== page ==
A “fact check” by USA Today is defaming a Ph.D.-vetted study by Just Facts that found non-citizens may have cast enough illegal votes for Joe Biden to overturn the lawful election results in some key battleground states. The article, written by USA Today’s Chelsey Cox, contains 10 misrepresentations, unsupported claims, half-truths, and outright falsehoods.
Furthermore, Facebook is using this misinformation to suppress the genuine facts of this issue instead of honoring its policy to “Stop Misinformation and False News.” Compounding this malfeasance, a note at the bottom of Cox’s article states that USA Today’s “fact check work is supported in part by a grant from Facebook.”
#1 Dr. Glen’s Credentials
Starting with the most simplistic falsehood in Cox’s piece, she impugned the character of Dr. Andrew Glen, a Ph.D. scholar who specializes in data analytics and who examined Just Facts’ study and found that it “provides a credible data analysis that supports a strong hypothesis of non-citizens having a significant effect on this election.”
Cox did this by claiming that “though he is attributed as a professor emeritus at the United States Military Academy, an ‘Andrew Glen’ did not appear in a search result on the website for the United States Military Academy, West Point. Glen attended the school as a student, according to his LinkedIn profile page.”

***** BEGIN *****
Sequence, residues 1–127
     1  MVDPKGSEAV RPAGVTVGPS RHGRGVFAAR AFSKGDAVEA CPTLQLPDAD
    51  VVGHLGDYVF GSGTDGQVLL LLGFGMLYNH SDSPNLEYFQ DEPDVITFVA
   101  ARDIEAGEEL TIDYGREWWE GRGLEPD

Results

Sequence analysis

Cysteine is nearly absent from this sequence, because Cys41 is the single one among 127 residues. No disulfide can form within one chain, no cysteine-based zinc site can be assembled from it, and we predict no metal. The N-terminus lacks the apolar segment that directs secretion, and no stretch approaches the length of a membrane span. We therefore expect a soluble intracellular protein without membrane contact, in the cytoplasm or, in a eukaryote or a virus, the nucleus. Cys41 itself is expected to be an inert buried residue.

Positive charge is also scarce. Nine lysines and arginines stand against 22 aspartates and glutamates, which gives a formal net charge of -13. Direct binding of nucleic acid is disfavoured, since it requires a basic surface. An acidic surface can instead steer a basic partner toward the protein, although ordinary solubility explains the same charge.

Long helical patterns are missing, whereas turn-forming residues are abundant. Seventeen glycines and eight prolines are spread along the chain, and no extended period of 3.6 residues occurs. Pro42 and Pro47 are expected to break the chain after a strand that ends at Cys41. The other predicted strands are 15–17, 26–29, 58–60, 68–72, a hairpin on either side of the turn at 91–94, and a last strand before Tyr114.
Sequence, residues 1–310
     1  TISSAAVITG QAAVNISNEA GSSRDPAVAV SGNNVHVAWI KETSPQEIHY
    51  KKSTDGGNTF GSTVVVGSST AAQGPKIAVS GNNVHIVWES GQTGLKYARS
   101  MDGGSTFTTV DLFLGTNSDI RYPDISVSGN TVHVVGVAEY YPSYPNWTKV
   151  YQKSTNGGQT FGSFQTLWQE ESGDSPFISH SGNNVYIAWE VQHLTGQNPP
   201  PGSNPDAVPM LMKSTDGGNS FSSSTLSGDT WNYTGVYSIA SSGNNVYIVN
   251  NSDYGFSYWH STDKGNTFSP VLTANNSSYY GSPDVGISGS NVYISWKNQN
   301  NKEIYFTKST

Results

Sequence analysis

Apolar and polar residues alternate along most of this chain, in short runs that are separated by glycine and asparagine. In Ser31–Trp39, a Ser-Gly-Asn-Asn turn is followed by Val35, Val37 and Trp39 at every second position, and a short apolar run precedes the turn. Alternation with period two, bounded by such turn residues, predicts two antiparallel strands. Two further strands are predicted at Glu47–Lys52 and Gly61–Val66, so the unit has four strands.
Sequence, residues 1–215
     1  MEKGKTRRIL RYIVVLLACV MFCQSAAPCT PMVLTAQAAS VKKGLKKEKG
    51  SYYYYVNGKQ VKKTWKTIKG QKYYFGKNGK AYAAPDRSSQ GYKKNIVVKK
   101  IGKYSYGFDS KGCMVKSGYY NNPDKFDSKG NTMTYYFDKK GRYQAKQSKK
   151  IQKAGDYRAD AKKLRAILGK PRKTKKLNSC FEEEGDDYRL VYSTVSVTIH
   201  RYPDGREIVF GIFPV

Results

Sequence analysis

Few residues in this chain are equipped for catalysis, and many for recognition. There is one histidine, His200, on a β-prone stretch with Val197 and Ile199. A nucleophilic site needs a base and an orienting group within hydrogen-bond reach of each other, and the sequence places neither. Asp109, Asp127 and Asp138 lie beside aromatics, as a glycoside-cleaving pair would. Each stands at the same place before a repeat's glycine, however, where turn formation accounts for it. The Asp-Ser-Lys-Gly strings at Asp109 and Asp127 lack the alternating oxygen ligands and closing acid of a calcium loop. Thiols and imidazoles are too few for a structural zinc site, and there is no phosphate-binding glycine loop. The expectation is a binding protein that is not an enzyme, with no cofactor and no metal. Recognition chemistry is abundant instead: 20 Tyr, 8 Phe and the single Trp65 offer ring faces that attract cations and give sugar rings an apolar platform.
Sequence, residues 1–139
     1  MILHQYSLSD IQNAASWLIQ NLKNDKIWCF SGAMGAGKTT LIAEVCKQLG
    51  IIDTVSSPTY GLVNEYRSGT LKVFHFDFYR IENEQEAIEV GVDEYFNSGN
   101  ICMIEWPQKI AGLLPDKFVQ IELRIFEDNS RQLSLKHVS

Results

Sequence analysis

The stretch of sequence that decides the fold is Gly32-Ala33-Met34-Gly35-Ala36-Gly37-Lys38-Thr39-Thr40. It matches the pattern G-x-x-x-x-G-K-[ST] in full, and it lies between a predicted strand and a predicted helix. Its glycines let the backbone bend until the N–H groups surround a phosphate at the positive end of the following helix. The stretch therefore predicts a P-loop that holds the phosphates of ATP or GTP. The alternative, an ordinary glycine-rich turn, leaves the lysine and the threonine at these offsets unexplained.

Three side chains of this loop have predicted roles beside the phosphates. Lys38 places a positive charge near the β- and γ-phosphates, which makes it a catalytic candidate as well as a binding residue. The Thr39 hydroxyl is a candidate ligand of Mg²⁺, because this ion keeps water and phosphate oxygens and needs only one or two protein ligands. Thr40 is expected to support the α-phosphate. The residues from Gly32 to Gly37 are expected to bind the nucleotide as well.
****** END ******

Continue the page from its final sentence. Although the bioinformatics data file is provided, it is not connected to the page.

That statement reveals that Cox and her editor were ignorant of the fact that a professor emeritus is one who has “retired from an office or position.” Thus, Dr. Glen would not appear on the webpage of current faculty to which she linked.
Had Cox conducted a proper search, she would have found that West Point’s website lists Glen among a group of professors who wrote a reference work for its Department of Mathematical Sciences.
Cox could have also found proof of Glen’s professorship at West Point via a peer-reviewed journal, an academic book that he coauthored on the topic of computational probability, or the website of Colorado College, where Glen currently teaches.
After reading what USA Today published about Dr. Glen, current West Point adjunct professor Dr. Joseph P. Damore wrote:
I can personally attest to the fact that Andrew Glen, COL USA, ret. was an Academy Professor at West Point. I know, because I was there with him.
And Ms. Cox, to imply that an Iraq war vet, a graduate of West Point, and a retired Colonel from the U.S. Army is somehow lying about his credentials is so egregiously offensive, that it demands your apology.
Instead of an apology, USA Today altered the article 18 hours after publication to remove this attack on Glen without issuing a correction. This is a breach of journalistic ethics that require reporters and media outlets to “acknowledge mistakes” and explain them “carefully and clearly.”